Day 6: Sunday, May 29
We got to SLEEP IN this morning! Because Cusco is so much cooler than the Amazon, we were on an opposite schedule – we did everything in the middle of the day when it’s not cold out. Naturally I still woke up pretty early, around 6:15, but it was nice not to rush around. Today we had a private Cusco city tour with our very friendly and knowledgeable guide – Daniel.
We started out at Cristo Blanco which overlooks the heart of Cusco. It’s a smaller version of the Christ statue in Rio de Janeiro. It was built by Palestinians in 1945 as a gift of gratitude for seeking refuge there.
Second, we visited Sacsayhuaman ruins (sometimes called “sexy woman” for fun) built by the Incas. It was in a zigzag shape similar to a lightening bolt. Cusco is said to be shaped like a puma, and Sacsayhuaman represents the head.
When the Spanish arrived in the 16th century they thought it was a fortress, but now researchers think it was a residential area for the wealthy, complete with baths. Everything there is symbolic, including stones in the walls formed to look like puma paws and llamas.
When the structure was built, thousands of Inca slaves moved the huge stones across mountains by building gravel roads and pulling them along rolling planks (tree trunks?). Then they spent an unbelievable amount of time carving the stones to be smooth and fit perfectly into place. They’ve withstood hundreds of years of earthquakes.
Next we visited Qenqo (meaning labyrinth) and Pukapukara. We saw an area where Incas mummified their loved ones after death. All Incans were mummified, but royalty was done so in a very meticulous, long process – bringing the bodies into the sun and coating them with oil every day for a year. When the Spanish discovered the area, it is said that they burned most of the mummies, but people fled with a few of the most sacred bodies and hid them in the mountains. Hearing that broke my heart. On the top of the site, there was also a sundial shaped like a puma. Below the site was a series of man-made tunnels that we didn’t get to explore. The sundials were a very accurate way for them to keep track of days. Pukapukara, according to Daniel, was a hostel for travelers to stay. There used to be a tall tower to communicate using conch shells for sound and bronze discs as mirrors for light signals.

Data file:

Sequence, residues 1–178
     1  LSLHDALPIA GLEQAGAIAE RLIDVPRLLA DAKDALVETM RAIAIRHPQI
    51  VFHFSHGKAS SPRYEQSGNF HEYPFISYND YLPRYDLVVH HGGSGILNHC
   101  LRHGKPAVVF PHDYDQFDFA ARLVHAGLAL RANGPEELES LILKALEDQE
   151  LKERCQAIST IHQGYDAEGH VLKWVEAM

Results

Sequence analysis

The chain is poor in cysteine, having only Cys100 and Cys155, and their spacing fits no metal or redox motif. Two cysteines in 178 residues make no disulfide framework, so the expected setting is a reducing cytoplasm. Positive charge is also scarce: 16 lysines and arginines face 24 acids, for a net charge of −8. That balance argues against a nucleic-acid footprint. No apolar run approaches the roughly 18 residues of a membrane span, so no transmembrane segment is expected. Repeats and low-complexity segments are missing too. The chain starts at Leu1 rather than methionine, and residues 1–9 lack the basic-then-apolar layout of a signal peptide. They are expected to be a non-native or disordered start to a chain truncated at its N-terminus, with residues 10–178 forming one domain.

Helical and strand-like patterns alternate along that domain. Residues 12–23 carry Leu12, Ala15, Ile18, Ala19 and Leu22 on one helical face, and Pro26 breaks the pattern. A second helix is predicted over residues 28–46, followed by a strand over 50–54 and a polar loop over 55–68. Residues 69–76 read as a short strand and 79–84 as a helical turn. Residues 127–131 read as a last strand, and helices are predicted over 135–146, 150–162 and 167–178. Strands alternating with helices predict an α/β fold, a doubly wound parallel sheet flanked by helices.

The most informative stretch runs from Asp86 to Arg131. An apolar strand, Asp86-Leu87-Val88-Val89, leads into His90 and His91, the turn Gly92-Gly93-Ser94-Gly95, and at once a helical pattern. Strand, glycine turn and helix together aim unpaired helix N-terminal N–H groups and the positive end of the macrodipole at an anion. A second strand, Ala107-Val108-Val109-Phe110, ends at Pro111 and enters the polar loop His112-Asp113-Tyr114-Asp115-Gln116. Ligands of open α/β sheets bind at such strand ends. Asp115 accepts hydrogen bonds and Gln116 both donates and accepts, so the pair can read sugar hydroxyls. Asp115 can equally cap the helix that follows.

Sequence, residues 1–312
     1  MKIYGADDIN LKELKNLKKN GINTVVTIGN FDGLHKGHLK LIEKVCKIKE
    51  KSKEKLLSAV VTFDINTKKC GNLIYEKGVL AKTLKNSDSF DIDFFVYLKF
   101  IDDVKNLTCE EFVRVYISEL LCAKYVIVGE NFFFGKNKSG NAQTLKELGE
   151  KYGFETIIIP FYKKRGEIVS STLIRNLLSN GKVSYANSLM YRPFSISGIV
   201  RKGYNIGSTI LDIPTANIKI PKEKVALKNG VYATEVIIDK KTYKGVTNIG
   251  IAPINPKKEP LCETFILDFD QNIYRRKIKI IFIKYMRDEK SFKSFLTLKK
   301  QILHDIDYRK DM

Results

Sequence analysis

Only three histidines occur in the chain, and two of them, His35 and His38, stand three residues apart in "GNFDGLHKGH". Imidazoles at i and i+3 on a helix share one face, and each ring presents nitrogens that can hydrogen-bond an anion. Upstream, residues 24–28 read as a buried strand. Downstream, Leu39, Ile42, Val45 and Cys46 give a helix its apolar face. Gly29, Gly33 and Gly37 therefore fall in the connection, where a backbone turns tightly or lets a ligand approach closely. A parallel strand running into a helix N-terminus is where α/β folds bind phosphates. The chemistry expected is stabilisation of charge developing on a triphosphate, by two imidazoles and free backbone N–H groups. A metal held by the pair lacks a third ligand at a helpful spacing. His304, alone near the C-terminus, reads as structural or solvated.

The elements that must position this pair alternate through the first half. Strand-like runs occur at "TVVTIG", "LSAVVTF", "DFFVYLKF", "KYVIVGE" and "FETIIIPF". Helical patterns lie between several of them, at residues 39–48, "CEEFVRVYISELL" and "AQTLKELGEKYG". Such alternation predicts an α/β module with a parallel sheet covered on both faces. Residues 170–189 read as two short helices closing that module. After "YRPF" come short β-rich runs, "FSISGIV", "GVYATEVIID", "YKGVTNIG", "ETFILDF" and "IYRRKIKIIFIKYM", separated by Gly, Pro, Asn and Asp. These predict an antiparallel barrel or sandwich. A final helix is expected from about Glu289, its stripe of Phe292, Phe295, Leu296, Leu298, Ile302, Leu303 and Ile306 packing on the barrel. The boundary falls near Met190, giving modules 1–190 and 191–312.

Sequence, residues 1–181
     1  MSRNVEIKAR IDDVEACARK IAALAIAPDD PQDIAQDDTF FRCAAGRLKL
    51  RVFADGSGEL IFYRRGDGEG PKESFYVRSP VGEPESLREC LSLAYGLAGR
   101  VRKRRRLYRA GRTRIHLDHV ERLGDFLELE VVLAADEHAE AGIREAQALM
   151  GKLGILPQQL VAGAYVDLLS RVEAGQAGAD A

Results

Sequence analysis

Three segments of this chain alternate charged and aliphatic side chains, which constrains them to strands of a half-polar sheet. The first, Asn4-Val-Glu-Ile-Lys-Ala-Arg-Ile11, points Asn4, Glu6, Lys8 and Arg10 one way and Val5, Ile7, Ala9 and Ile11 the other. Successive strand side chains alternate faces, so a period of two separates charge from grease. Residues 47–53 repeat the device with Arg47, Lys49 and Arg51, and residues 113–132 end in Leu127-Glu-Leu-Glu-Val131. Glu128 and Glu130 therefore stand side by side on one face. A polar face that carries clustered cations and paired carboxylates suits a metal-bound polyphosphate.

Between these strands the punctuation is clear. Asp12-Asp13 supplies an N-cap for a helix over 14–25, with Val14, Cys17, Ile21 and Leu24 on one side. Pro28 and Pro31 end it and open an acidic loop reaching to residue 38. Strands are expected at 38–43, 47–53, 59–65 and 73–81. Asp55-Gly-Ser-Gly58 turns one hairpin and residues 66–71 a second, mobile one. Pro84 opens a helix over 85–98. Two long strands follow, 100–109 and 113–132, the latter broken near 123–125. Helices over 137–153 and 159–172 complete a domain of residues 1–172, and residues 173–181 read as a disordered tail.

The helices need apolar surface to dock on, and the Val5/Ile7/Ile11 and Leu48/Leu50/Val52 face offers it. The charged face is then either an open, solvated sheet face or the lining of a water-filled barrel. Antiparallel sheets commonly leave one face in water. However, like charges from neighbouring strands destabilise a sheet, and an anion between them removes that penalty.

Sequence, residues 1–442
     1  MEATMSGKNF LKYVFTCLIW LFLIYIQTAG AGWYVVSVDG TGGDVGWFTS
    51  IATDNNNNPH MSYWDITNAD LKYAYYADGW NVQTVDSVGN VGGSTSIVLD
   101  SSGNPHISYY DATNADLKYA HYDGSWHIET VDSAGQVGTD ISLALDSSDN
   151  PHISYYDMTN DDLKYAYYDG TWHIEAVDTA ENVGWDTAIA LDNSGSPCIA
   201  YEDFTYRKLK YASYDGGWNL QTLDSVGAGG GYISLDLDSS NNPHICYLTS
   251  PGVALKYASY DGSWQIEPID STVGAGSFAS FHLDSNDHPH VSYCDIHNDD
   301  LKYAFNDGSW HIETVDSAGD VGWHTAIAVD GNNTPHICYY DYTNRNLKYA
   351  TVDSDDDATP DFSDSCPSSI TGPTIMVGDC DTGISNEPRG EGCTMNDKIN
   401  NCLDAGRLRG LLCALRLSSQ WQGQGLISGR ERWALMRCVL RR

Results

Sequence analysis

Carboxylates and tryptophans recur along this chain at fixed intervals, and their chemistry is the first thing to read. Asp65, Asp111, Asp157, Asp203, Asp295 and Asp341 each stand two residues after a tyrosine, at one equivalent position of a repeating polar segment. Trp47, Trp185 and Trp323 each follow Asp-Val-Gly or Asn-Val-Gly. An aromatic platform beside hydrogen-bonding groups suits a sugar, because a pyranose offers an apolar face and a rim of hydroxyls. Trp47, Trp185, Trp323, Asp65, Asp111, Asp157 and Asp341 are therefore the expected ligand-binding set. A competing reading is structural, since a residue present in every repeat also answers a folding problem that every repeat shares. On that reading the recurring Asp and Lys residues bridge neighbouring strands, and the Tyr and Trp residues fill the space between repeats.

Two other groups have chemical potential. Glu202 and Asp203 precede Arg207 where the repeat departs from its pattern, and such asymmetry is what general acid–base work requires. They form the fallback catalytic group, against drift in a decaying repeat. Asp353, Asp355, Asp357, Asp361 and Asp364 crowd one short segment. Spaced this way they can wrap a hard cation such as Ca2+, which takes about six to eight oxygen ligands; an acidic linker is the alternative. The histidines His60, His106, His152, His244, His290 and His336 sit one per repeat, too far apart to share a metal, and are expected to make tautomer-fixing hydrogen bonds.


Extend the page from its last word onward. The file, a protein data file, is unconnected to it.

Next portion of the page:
Just down the road we went to Tambomachay, a series of fountains carrying natural mineral spring water to the travelers. The water never stops flowing, and downstream it is bottled for water and beer. It is said that people who drink the spring water will be fertile and have a long life.
After visiting all the ruins, we went back into the heart of Cusco to see the Basilica Cathedral. It was built across a span of centuries from the 1500s-1700s. There were all kinds of European styles of art and architecture with Inca influence. For example, the triangles in the art symbolize mountains, and they had a black Jesus (apparently the wrong one was delivered there), who represented the Lord of Earth. Daniel claimed that when earthquakes occur in the area, they remove the black Jesus from the cathedral, and the earthquakes stop. A large piece of art representing the Last Supper had cuy (guinea pig) and Inca vegetables. The cathedral was very elaborate with gold, silver, a variety of art, and to top it off, they had giant Saint dolls on display for a festival. Although impressive, it was a bit gaudy for my taste. Unfortunately we couldn’t take photos.
From there, we had lunch with Daniel at a place right off the square with a prix fixe menu – 35 sol ($10-11) for stuffed peppers, soup, fish, and small Pisco sours.
Finally, we ended the tour at the Temple of the Sun – the most sacred place for Inca worship. Thousands of slaves helped build it. In fact, it took one person a year to carve one stone. When the Spanish came, they built on top of it, and it became a church and convent. Daniel showed us the grounds and some of the art, then left us to explore on our own.
After the tour (around 2:30), we just walked around some more, because a lot of places were closed on Sunday. We walked uphill to San Blas, but there wasn’t much to look at while we were there. I did take the typical tourist photo with three Peruvian girls with sheep and kids (baby goats). We also bought Jerod and Lil’ Miss K alpaca sweaters.
That night, after choosing between a lot of recommended restaurants, we decided to eat at the Inka Grill. I had a chicha sour (bitter and disappointing, considering how much I loved chicha morados – purple corn juice), and Jerod had a local cerveza. I had a chicken and rice dish (eh, ok) and Jerod had a braised lamb dish that he raved about. After dinner we stopped at an ice cream shop and enjoyed 5 sol ($1.40) ice cream for dessert. It was a long day…we definitely heard more than our minds could absorb.